By Ben Goad - 01/17/13 01:18 AM EST
The nearly two dozen separate directives President Obama announced Wednesday fall well short of the street-level reforms sought by his task force.
Twenty-three executive actions announced by the president command federal agencies to — among other things — conduct studies, issue letters, review standards and launch a national dialogue on gun violence.
The measures were lauded by gun-control advocates who considered them an important step forward after almost two decades of federal inaction on the issue. They also came under fire from some on the political right, who described them as the latest in a series of executive oversteps by the president.
But ultimately, though many in number, the measures laid out Wednesday would do little to advance the top priorities of gun-control advocates, including bans on assault weapons and certain large-capacity magazines, universal background checks and a law against so-called “straw purchases” of guns. Those initiatives require action from a divided Congress, where gun legislation is seen as having a difficult road forward.
“The president is limited in what he can do,” said UCLA law Professor Adam Winkler, an expert in the politics of gun control in America. “Despite the large number of proposals, there’s only so much the president can do through executive order.”
Obama himself lamented the limitations of his authority.
“As important as these steps are, they are in no way a substitute for action from members of Congress,” he said during remarks at the White House. “To make a real and lasting difference, Congress, too, must act, and Congress must act soon.”
Obama directed all 23 actions to take effect Wednesday, the White House said. Immediately following his address, he signed three that required his signature, as formal executive orders. Those require the Centers for Disease Control and Prevention to study causes of gun violence, federal authorities to trace guns recovered during investigations and federal agencies to share records with the FBI’s National Instant Criminal Background Check System (NICS).
Gun dealers are required to use the system to screen for felons, drug abusers, the severely mentally ill or others who are prohibited from owning firearms. But most states, and some federal agencies, have failed to share records.
Other actions announced Wednesday are less concrete, such as the directive to “maximize enforcement efforts to prevent gun violence and prosecute gun crime.”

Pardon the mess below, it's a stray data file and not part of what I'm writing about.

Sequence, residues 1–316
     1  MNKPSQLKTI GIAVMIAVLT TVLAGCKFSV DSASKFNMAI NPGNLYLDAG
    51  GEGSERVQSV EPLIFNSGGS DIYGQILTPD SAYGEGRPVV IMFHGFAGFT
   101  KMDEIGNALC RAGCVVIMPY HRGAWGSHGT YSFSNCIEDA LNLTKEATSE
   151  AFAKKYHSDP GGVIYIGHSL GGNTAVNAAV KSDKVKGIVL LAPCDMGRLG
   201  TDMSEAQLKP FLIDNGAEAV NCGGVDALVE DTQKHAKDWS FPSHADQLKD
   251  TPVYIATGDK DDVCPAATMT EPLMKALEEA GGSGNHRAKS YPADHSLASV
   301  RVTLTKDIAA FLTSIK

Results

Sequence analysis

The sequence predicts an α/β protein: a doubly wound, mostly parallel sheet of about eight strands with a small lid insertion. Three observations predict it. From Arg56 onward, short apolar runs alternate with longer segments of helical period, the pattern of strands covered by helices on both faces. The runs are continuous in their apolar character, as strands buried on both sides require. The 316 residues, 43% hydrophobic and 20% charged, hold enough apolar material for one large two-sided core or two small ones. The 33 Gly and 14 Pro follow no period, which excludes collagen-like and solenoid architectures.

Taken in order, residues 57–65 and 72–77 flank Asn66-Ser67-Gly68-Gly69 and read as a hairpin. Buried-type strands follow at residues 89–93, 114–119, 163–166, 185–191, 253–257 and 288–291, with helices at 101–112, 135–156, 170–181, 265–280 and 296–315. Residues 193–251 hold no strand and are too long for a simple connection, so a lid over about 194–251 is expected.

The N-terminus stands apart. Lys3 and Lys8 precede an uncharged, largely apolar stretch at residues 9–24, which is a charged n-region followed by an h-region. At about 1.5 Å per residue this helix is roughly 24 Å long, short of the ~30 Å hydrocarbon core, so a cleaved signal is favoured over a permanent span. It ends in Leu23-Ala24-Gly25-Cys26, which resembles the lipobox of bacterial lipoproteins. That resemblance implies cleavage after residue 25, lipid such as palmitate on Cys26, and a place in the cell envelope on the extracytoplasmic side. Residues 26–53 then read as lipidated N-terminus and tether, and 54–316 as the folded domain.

Others would, at best, affect gun violence indirectly, as is the case with Obama’s nomination of Todd Jones for ATF director.
Still, Winkler called Obama’s proposals a “bold” first step in the increasingly high-profile debate over gun control and said the president did much of what he could do, given the constraints on his authority.
Winkler said the president could have unilaterally pursued expanded requirements on the kinds of guns that could be imported into the United States.
Even so, the actions won praise from reformers including the Brady Campaign to Prevent Gun Violence and leading gun-control advocates in Congress.
“The executive actions and proposals announced today will dramatically improve the background check system, protect law enforcement and resume gun-violence research in this country,” said Sen. Dianne Feinstein (D-Calif.), who is pushing legislation to revive a national assault-weapon ban.
Many congressional Republicans refrained from outright criticism of the president’s plan, saying they were taking the measures under consideration.
Republican National Committee (RNC) Chairman Reince Priebus, however, slammed the executive actions, saying they amounted to “an executive power grab that may please his political base but will not solve the problems at hand.”
“He paid lip service to our fundamental constitutional rights, but took actions that disregard the Second Amendment and the legislative process,” Priebus said.